Type: Research Article
ISSN: 0263-7472

Keywords

Open Access
Article
Publication date: 21 August 2018

Jonas Hahn, Jens Hirsch and Sven Bienert

The purpose of this paper is to investigate the role of distinct types of heating technology and their price impact in German residential real estate markets, considering…

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Abstract

Purpose

The purpose of this paper is to investigate the role of distinct types of heating technology and their price impact in German residential real estate markets, considering a wide range of other housing market determinants. The authors aim to test and to verify specifically, whether the obsolescence of heating technology leads to a significant price discount and whether higher technological standards (and environmental friendliness) come with a price premium on the market.

Design/methodology/approach

The authors create housing market models for rental and sales segments by constructing generalized additive models with explicit multi-layered spatial components. To elaborate a profound and contemporary answer using these models, the authors perform large-sample regression analyses based on more than 400,000 observations covering German residential properties in 2015.

Findings

First and foremost, the heating system indeed shows significant explanatory importance for measuring housing rents and purchasing price. Second, the authors find that it makes a difference whether clean “green” technologies are implemented or whether “brown” systems with obsolete technology or fossil energy sources is on hand. Ultimately, the authors conclude that while low energy consumption indeed comes with a price premium, this needs to be interpreted together with the property’s heating type, as housing markets seem to outweigh the “green premium” by “brown discounts” if low energy consumption figures are powered by a certain type of heating technology system.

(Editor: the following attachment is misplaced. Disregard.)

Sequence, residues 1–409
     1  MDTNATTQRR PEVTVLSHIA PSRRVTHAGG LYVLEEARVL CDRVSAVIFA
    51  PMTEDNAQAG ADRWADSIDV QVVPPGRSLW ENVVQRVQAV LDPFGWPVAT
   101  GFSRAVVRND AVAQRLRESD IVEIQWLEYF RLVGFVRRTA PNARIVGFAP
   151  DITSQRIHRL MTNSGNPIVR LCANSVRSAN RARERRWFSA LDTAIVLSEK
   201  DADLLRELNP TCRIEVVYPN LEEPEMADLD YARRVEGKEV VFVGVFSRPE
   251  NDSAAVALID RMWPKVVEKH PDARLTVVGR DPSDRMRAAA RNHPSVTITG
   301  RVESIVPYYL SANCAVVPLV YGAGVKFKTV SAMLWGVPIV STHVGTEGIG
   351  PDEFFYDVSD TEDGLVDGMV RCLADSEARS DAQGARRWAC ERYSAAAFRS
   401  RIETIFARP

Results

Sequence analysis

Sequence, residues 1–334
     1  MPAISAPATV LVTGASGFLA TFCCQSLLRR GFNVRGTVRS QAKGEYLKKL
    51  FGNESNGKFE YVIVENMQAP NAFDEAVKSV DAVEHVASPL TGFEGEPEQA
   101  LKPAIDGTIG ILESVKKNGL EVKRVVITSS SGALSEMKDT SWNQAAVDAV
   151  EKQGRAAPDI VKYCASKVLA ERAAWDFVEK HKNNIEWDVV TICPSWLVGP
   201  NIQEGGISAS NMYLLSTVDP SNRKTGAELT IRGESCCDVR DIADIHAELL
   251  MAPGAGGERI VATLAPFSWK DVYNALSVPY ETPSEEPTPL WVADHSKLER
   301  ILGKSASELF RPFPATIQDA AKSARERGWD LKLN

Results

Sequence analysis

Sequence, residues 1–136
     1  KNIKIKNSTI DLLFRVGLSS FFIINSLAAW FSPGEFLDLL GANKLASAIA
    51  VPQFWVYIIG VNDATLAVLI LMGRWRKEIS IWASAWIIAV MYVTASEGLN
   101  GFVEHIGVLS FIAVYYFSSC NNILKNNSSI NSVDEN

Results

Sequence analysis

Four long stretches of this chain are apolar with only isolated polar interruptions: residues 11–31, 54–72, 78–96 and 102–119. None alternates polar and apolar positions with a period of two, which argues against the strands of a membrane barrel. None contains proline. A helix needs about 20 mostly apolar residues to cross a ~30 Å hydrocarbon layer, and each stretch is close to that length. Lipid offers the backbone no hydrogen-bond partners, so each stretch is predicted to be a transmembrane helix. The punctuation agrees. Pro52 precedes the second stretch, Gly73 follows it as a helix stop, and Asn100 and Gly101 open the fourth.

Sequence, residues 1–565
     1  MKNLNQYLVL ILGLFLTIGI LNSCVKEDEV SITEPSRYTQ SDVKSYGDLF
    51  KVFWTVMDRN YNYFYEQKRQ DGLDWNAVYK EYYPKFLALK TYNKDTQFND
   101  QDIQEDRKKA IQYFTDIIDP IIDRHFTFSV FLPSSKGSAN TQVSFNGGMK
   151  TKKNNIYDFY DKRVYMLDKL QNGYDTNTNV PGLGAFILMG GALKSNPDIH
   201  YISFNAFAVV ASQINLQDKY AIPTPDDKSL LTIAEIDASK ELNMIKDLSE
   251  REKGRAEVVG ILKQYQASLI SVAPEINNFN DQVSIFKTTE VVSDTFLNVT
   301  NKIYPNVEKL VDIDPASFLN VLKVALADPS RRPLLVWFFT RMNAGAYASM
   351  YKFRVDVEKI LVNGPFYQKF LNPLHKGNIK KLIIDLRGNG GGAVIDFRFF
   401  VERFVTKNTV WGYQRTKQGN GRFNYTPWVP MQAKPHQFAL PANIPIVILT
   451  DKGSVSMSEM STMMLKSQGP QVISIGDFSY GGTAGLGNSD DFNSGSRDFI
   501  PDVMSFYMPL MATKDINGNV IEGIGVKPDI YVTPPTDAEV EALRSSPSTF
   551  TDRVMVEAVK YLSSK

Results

Research limitations/implications

Aside of a possible omitted variable bias, the main research limitation is constituted by the integration of asking prices in the analysis, as actual transaction prices are not systematically transparent on national level in Germany. Limitations are discussed at the end of the paper.

Practical implications

This work supports investors who face the challenge of making environmental- and energy-related decisions as well as appraisers who deliver financial fundamentals for such. Third, the paper supports both asset managers as well as investment strategists in argumentation pro-environmental investments beyond all ecological necessity.

Social implications

This paper contributes to the current discussion on climate change and the eclectic role of real estate in this context. The authors deliver evidence on pricing effects as a measure of socioeconomic acceptance of progressive heating technology and environmental friendliness as an imperative of twenty-first century societies.

Originality/value

This is the first study on “green premiums” or “brown discounts” that includes heating technology as a potential and distinct driver of value and rents. It is a contemporary contribution and delivers original information on the quantitative impact of contemporary and anachronistic technology in heating to researchers as well as investors and appraisers.